First Responders Affected by Ground Zero Toxins Testify to Congress
As the fight continues to extend the benefits of the James Zadroga Health Act, more people have shown up to testify in front of Congress on the continued need for those benefits. Recently, a number of first responders who had been seriously injured in the wake of the terrorist attacks of September 11, 2001 appeared in front of a congressional committee to discuss the extension of the legislation.
Robert Norcross, a retired battalion chief from the New York Fire Department, says he regularly sees members of the FDNY who were at Ground Zero discovering new health conditions they never expected, conditions which were caused by their presence in an area polluted by toxic dust. Cancer, for example, often doesn’t show itself in victims until years after the initial exposure.
Hearing from victims
One NYPD officer, David Hawley, told congress the story of how he developed a rare form of throat cancer after he worked at Ground Zero, and told legislators he simply would not have survived if not for the benefits offered by the program. He bluntly told the committee that ending the Zadroga Act program would lead to the deaths of people who are in need of medical and financial assistance to treat the conditions they developed in the days after the attacks.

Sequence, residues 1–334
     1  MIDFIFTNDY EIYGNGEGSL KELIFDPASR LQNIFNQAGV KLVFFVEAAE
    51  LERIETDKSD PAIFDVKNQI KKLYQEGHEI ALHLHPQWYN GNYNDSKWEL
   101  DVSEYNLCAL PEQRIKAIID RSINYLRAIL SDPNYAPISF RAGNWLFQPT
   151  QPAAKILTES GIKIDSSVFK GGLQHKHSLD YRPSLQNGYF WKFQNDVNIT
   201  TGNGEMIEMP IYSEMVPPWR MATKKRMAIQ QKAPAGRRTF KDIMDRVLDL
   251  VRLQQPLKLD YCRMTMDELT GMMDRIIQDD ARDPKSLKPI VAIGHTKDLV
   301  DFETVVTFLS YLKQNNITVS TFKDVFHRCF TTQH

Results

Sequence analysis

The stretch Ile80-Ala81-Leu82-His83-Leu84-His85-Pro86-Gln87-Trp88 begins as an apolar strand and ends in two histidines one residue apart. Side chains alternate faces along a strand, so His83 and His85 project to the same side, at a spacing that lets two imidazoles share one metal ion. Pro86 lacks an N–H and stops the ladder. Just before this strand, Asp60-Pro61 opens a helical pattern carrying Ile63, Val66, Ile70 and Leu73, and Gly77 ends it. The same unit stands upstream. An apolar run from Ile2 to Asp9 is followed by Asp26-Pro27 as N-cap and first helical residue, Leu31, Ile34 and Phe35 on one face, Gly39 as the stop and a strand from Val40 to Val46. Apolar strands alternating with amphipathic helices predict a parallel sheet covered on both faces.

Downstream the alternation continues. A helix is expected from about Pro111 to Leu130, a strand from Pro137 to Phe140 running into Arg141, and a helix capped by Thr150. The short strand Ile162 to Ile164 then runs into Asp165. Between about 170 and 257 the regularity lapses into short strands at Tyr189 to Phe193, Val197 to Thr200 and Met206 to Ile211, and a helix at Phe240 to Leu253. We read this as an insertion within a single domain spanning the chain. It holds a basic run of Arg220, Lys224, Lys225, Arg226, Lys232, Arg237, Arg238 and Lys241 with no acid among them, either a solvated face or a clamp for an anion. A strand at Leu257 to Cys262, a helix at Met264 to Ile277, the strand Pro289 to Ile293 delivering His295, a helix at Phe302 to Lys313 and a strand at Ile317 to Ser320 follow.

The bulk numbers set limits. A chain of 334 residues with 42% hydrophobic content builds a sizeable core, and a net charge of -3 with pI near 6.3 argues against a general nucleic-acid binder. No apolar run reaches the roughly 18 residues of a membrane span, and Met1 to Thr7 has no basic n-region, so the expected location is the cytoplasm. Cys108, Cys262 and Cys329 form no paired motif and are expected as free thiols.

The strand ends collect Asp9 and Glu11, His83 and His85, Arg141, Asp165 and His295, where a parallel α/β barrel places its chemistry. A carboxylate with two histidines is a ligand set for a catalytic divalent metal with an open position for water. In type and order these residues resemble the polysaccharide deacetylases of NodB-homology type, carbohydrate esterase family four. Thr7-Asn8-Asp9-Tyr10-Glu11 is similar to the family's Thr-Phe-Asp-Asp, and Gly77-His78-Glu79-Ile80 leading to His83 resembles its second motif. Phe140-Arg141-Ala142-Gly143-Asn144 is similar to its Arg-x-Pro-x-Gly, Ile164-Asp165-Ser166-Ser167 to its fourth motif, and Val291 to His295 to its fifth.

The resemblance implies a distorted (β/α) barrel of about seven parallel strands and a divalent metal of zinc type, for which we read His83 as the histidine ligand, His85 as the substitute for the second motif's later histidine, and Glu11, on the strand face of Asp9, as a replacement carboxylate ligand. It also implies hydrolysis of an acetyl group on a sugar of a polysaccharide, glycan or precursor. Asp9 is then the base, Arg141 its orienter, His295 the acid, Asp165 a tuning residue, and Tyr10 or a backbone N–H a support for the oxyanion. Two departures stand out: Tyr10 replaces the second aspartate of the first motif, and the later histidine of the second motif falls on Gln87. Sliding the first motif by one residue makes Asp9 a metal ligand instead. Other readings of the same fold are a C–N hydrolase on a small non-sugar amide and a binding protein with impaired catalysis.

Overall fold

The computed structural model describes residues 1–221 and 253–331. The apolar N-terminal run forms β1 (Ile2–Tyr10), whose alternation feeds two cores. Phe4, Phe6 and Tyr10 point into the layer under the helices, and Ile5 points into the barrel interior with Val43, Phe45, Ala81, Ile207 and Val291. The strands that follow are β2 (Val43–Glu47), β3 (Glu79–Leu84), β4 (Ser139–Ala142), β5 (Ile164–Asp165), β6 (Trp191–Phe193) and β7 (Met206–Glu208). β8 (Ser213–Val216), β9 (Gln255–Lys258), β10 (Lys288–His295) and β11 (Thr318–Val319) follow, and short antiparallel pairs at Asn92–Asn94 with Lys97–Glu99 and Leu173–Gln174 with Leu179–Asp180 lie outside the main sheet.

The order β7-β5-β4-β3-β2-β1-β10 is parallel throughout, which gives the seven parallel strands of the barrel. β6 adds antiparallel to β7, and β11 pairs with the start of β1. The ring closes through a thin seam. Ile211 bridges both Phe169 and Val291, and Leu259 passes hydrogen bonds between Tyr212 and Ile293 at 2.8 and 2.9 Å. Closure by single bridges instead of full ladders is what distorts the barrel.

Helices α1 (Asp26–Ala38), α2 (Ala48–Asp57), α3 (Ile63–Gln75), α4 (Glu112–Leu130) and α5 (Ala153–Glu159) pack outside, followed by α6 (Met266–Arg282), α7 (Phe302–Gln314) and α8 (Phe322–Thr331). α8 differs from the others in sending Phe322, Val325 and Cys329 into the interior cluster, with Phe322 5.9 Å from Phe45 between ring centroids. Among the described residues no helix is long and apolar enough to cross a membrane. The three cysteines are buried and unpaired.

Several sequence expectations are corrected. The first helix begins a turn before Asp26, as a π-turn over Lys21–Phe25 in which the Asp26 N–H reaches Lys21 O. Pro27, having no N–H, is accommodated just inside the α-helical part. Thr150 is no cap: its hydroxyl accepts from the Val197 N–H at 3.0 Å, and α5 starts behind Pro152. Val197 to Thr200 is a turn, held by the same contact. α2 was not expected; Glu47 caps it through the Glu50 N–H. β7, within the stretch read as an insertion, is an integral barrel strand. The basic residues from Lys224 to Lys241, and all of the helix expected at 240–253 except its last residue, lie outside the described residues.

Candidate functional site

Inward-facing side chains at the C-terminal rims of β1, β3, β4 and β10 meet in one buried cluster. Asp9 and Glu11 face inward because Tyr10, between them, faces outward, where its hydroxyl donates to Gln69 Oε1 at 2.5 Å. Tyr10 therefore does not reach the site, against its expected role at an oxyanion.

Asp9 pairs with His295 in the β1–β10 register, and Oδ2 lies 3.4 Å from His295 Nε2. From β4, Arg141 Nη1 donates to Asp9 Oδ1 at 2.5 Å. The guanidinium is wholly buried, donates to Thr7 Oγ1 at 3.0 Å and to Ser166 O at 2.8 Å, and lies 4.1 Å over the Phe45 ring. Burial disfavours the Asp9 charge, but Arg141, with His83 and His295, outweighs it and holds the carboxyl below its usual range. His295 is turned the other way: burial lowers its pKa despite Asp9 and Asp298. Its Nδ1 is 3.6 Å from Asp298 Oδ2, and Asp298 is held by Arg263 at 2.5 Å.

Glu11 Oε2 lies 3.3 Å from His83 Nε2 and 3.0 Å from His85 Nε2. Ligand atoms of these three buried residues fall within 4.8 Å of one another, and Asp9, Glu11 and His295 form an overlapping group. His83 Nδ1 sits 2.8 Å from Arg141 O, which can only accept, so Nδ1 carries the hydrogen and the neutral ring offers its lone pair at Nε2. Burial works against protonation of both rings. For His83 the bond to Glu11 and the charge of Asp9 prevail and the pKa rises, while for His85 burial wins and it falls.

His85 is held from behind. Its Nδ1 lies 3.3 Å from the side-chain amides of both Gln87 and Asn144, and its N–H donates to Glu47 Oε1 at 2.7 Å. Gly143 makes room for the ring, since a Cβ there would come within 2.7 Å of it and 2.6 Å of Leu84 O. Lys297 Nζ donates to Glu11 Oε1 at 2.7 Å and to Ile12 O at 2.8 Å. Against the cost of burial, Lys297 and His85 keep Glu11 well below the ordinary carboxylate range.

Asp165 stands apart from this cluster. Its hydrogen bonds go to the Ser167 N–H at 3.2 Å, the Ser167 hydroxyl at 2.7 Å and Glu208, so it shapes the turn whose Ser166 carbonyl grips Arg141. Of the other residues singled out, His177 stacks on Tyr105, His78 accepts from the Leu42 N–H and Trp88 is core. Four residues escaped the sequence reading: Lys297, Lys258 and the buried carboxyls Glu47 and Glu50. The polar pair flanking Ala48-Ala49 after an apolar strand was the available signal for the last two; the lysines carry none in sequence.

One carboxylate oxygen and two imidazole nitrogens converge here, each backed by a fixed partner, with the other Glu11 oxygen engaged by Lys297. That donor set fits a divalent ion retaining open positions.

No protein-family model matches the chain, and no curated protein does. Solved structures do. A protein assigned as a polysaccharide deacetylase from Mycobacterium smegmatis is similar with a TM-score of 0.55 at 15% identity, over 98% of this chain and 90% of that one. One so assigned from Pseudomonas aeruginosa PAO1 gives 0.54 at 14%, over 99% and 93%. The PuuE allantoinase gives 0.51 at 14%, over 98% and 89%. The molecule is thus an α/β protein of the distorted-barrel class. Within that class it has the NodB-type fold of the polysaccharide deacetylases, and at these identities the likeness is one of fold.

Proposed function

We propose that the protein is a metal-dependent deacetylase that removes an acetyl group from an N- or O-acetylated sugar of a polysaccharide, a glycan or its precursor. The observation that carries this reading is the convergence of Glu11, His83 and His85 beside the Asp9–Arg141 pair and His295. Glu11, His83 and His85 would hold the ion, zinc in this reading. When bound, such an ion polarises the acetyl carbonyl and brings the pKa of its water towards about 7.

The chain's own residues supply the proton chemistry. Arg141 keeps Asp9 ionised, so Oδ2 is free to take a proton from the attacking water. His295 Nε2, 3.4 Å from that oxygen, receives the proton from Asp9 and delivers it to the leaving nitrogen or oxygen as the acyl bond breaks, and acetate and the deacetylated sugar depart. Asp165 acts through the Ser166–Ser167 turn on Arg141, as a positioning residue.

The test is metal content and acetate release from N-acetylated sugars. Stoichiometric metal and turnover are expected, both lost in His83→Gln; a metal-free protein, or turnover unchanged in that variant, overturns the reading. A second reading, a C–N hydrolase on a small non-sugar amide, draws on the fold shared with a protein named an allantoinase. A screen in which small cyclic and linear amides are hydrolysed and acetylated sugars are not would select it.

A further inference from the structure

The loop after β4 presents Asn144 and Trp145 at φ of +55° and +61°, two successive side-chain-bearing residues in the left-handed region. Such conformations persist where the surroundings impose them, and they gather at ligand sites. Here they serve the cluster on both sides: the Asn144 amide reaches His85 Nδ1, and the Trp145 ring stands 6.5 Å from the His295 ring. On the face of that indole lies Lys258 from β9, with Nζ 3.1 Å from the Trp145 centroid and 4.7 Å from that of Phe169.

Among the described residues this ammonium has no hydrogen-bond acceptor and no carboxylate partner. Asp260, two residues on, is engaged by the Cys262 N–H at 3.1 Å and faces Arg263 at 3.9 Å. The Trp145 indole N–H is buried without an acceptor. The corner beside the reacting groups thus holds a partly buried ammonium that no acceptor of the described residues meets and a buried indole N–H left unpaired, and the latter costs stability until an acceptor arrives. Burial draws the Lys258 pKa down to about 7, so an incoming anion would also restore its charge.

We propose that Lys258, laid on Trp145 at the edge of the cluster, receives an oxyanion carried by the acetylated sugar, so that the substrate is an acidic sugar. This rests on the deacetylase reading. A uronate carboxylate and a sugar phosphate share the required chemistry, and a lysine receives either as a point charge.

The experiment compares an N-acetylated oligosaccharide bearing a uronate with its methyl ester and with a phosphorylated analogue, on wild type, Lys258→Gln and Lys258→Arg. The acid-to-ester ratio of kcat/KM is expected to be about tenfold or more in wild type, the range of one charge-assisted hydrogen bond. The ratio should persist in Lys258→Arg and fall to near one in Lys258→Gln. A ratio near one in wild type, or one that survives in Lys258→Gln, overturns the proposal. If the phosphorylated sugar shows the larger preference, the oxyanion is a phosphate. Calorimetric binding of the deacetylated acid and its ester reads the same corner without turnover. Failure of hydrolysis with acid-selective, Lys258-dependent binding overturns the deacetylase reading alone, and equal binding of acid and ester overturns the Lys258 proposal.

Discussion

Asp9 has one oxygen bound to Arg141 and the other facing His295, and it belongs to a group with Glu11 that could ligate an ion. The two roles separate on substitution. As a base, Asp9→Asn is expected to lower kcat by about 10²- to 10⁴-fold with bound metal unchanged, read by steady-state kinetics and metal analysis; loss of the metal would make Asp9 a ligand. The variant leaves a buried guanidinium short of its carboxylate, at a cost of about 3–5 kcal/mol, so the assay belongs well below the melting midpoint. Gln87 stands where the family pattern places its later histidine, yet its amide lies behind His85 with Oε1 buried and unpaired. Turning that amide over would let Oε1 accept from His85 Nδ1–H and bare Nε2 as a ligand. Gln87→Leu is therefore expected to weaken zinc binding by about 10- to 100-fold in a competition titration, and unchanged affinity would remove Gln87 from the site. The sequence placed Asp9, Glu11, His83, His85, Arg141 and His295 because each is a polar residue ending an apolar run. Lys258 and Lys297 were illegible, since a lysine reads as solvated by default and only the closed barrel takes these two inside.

A former NYPD detective, Barbara Burnette, now suffers from a long list of different conditions after working for a time at Ground Zero. She told lawmakers how she spent weeks working at the site, shoveling away debris, looking for survivors and removing body parts from the wreckage. Approximately 1,000 firefighters from New York City have been diagnosed with cancer since 9/11 occurred, and 111 of them have passed away from their illnesses.
For more information on the Zadroga Act and whether you qualify for benefits, speak with an experienced New York attorney at Barasch, McGarry, Salzman & Penson today.
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